Role of Tomato Lipoxygenase D in Wound-Induced Jasmonate Biosynthesis and Plant Immunity to Insect Herbivores

Liuhua Yan, Qingzhe Zhai, Jianing Wei, Shuyu Li, Bao Wang, Tingting Huang, Minmin Du, Jiaqiang Sun, Le Kang, Chang Bao Li, Chuanyou Li

Research output: Contribution to journalArticlepeer-review

78 Scopus citations

Abstract

In response to insect attack and mechanical wounding, plants activate the expression of genes involved in various defense-related processes. A fascinating feature of these inducible defenses is their occurrence both locally at the wounding site and systemically in undamaged leaves throughout the plant. Wound-inducible proteinase inhibitors (PIs) in tomato (Solanum lycopersicum) provide an attractive model to understand the signal transduction events leading from localized injury to the systemic expression of defense-related genes. Among the identified intercellular molecules in regulating systemic wound response of tomato are the peptide signal systemin and the oxylipin signal jasmonic acid (JA). The systemin/JA signaling pathway provides a unique opportunity to investigate, in a single experimental system, the mechanism by which peptide and oxylipin signals interact to coordinate plant systemic immunity. Here we describe the characterization of the tomato suppressor of prosystemin-mediated responses8 (spr8) mutant, which was isolated as a suppressor of (pro)systemin-mediated signaling. spr8 plants exhibit a series of JA-dependent immune deficiencies, including the inability to express wound-responsive genes, abnormal development of glandular trichomes, and severely compromised resistance to cotton bollworm (Helicoverpa armigera) and Botrytis cinerea. Map-based cloning studies demonstrate that the spr8 mutant phenotype results from a point mutation in the catalytic domain of TomLoxD, a chloroplast-localized lipoxygenase involved in JA biosynthesis. We present evidence that overexpression of TomLoxD leads to elevated wound-induced JA biosynthesis, increased expression of wound-responsive genes and, therefore, enhanced resistance to insect herbivory attack and necrotrophic pathogen infection. These results indicate that TomLoxD is involved in wound-induced JA biosynthesis and highlight the application potential of this gene for crop protection against insects and pathogens.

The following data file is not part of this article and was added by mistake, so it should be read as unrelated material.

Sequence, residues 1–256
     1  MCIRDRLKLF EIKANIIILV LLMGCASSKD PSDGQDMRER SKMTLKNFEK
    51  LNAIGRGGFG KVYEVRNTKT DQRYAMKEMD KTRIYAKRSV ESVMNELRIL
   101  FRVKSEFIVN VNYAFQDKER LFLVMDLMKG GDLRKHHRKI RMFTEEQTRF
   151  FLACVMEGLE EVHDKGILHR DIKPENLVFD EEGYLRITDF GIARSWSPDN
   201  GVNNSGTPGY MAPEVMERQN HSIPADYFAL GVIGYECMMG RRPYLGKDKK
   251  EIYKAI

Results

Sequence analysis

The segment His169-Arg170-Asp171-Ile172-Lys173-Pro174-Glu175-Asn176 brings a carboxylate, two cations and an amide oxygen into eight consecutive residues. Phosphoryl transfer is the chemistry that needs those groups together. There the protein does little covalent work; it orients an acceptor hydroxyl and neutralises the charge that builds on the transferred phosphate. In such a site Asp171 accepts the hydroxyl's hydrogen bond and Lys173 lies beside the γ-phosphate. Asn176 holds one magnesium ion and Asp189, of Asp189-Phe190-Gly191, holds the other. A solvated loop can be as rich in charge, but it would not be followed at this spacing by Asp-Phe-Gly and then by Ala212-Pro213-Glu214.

Original languageEnglish (US)
Article numbere1003964
JournalPLoS genetics
Volume9
Issue number12
DOIs
StatePublished - 2013

Fingerprint Dive into the research topics of 'Role of Tomato Lipoxygenase D in Wound-Induced Jasmonate Biosynthesis and Plant Immunity to Insect Herbivores'. Together they form a unique fingerprint.

Cite this